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Analysis of the skin secretion of Leptodactylus labyrinthicus, the frog’s biohazard protective clothing
* 1, 2 , 3, 4 , 2 , 1
1  Department of Biology, University of Antwerp, Groenenborgerlaan 171, 2020 Antwerpen, Belgium.
2  Department of Biology, University of Antwerp, Universiteitsplein 1, 2610 Wilrijk, Belgium
3  Instituto Nacional de Limnología (INALI: CONICET-UNL). Ciudad Universitaria. Santa Fe, Argentina
4  Departamento de Ciencias Naturales, Facultad de Humanidades y Ciencias, Universidad Nacional del Litoral (UNL), Santa Fe, Argentina
Academic Editor: Guangshun Wang

Published: 12 October 2023 by MDPI in Antimicrobial Peptides: Yesterday, Today and Tomorrow session Other Topics (registering DOI)

The secretion of amphibians has been used for many years for different purposes such as religion, culture, agro-economics or even as therapeutic agents. Although these secretions are a mixture of different molecules, especially the active peptides therein have been studied intensively during the past 30 years. Peptides have shown to be able to inhibit the growth of different human microorganisms (making from them good candidates for potential therapeutic agents), and soil microorganisms. The objectives of this work was to analyze the secretion of Leptodactylus labyrinthicus in order to identify bioactive peptides, with emphasis on their biological activity in an ecological context. Results reported here shown that, when fractioning the skin secretion of L. labyrinthicus, the growth of Staphylococcus aureus and Burkholderia cepacia were slowly delayed by fractions 8 and 9, but not any delaying effect was observed on Escherichia coli. Interestingly, the whole secretion, have shown a growth promotion for Burkholderia cepacia, but not any effect on Staphylococcus aureus and Escherichia coli. In addition, two peptides already described in the literature, known as Pentadactylin (which inhibit E. coli, P. aeruginosa and S. aureus), and Ocellatin-F1 (which inhibit E.coli and P. aeruginosa), were found in fractions 8 and 9 of this frog skin secretion. In view of these results we hypothesize that, the secretion of Leptodactylus labyrinthicus is a mix of molecules that act in synergy as a bio-regulator mechanism selecting or benefiting microorganisms on the frog’s skin population for ecological, immunological or other purposes not well understood to the moment.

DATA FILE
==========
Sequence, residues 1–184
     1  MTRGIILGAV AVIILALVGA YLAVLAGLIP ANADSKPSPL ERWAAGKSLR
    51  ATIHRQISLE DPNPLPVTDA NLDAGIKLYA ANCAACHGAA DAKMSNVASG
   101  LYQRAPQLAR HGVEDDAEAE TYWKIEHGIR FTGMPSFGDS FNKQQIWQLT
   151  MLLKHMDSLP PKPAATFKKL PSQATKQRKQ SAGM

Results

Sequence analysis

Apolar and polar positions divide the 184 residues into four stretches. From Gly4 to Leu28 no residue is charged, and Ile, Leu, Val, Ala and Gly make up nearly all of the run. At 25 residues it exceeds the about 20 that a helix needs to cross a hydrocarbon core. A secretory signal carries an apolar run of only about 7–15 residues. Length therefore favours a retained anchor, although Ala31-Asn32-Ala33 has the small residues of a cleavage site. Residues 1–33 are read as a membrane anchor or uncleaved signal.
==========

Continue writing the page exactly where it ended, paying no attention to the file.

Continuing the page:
Keywords: Leptodactylus labyrinthicus; amphibian skin secretions; amphibian peptides